Do residents of Washington have the right to earn an honest living in the occupation of their choice, or may the government enforce arbitrary and anti-competitive monopolies that allow the government—rather than the individual—to decide who may enter a field and who will be excluded? The Institute for Justice Washington Chapter (IJ-WA) argued a case on just that issue before the Washington Supreme Court on March 22 in Olympia. This is the first economic liberty case IJ has presented before a state supreme court under a state constitution—an achievement 15 years in the making.
IJ’s client is Joe Ventenbergs, who made a living hauling construction, demolition and land-clearing waste in Seattle. In 2001, the City of Seattle made it illegal for anyone but two large, multi-national corporations to haul such waste, effectively putting Joe out of business. Represented by the IJ Washington Chapter, Joe fought back and filed a lawsuit claiming that Seattle’s actions violated his rights under the Washington Constitution’s Privileges or Immunities Clause. That provision was written in 1889 to prevent the state and local governments from granting preferential treatment to large corporations. The clause remained dormant for decades until a 2004 decision from the state supreme court held that it provides greater protections than the U.S. Constitution’s Equal Protection Clause. In Joe’s case, the state’s high court will address whether the Washington Constitution really protects small entrepreneurs from manipulations of the political process by large corporate interests or whether the people who wrote the Washington Constitution labored in vain.
“This is the first economic liberty case IJ will have before a state supreme court under a state constitution—an achievement 15 years in the making.”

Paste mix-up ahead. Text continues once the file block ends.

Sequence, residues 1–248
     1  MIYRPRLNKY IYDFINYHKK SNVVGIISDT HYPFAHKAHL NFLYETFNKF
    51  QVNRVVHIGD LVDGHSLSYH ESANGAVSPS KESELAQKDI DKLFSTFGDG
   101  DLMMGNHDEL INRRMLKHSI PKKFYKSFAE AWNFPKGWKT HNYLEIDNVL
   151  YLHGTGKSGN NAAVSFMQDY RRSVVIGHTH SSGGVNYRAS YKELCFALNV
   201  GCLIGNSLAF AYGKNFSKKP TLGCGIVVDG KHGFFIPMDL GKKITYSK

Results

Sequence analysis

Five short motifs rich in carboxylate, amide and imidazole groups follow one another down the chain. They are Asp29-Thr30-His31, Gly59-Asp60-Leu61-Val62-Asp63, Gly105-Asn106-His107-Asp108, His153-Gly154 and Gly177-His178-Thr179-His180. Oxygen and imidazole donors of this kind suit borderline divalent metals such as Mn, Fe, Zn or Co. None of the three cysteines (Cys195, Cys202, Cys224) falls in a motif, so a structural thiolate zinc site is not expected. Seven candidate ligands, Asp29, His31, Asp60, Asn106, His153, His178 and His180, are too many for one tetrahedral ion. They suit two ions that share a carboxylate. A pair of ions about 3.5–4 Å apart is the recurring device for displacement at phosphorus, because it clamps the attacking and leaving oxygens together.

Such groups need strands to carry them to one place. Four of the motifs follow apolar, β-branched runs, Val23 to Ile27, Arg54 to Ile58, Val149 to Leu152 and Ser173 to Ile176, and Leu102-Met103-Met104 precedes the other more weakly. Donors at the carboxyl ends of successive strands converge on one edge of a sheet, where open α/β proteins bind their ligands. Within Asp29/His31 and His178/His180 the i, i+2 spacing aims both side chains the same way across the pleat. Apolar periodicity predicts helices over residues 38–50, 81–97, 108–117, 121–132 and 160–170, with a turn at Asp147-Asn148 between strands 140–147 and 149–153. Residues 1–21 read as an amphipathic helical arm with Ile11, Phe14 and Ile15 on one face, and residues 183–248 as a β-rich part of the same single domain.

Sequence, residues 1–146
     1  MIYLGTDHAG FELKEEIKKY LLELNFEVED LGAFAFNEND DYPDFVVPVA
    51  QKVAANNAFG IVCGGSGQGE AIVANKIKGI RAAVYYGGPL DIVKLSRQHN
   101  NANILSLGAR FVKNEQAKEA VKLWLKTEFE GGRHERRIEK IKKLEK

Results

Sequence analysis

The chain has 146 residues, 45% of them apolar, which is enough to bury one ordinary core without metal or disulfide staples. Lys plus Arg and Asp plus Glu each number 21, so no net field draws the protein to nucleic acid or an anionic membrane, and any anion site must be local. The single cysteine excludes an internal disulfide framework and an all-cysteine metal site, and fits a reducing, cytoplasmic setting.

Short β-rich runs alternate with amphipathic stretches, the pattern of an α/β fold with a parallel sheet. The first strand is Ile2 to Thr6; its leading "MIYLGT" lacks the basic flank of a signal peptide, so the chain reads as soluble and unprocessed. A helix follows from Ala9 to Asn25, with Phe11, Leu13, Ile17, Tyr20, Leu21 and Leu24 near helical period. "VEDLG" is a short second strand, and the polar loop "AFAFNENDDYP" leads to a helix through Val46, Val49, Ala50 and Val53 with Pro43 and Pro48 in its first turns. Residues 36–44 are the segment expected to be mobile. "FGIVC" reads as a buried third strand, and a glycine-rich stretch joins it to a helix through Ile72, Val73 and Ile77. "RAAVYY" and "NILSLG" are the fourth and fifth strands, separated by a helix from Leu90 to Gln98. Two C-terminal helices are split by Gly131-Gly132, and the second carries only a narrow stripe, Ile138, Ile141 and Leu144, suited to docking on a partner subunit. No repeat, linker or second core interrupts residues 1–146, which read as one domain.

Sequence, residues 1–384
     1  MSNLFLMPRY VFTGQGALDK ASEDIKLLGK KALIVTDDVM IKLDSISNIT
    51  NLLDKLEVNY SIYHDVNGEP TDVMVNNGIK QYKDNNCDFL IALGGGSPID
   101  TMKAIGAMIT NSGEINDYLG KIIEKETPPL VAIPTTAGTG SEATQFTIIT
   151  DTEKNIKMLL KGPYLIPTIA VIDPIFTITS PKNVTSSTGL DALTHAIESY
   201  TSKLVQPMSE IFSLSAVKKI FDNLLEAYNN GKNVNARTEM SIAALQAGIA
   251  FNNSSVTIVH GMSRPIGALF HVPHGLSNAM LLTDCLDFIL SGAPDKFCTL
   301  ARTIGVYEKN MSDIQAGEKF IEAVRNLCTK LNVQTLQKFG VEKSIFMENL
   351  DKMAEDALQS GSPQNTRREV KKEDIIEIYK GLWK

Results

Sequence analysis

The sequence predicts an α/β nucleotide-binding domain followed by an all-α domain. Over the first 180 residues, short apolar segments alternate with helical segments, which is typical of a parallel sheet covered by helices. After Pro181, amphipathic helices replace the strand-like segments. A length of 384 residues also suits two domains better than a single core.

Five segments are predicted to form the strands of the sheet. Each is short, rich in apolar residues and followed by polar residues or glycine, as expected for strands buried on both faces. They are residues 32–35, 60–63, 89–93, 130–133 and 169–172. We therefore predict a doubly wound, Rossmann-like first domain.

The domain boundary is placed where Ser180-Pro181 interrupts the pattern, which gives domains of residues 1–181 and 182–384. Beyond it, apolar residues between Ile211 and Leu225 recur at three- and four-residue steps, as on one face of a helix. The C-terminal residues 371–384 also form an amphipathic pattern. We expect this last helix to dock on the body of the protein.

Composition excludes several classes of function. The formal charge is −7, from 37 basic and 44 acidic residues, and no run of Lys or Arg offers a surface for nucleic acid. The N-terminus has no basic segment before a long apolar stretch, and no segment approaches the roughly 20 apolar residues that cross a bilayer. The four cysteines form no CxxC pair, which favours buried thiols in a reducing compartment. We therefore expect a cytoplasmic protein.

The case is significant not just because it concerns the livelihood of a hard-working entrepreneur, but also because it is one of the first cases in the United States to address whether state constitutions provide protections for the right to earn a living. Because the federal courts have provided only narrow protections for this fundamental right, it has often become necessary for entrepreneurs to look to state constitutions and state courts to vindicate their rights. Although IJ’s quest for greater constitutional protection of economic liberty goes back to our founding in 1991, the ability to rely on state constitutions for greater protections for fundamental liberties is one of the reasons that IJ started opening state chapters in 2001. This effort had its first test in the field of economic liberty when Joe’s case was heard in March. Our goal in the state courts is to provide a roadmap for federal courts to once again recognize that one’s ability to earn a living is a vital and significant part of the freedoms guaranteed by the U.S. and state constitutions.
This will not be an easy task, however. For decades, the accepted position of the legal establishment at both the federal and state levels has been that economic liberties do not deserve any meaningful protection from the courts. With IJ’s “never-say-die” attitude, we are challenging this conventional wisdom and seek to return economic liberty to its rightful place as one of our fundamental rights. We will not stop fighting until all entrepreneurs in this country are free to practice their trades unencumbered by government-imposed monopolies designed to protect special interests from competition.
William R. Maurer is executive director of IJ’s Washington Chapter.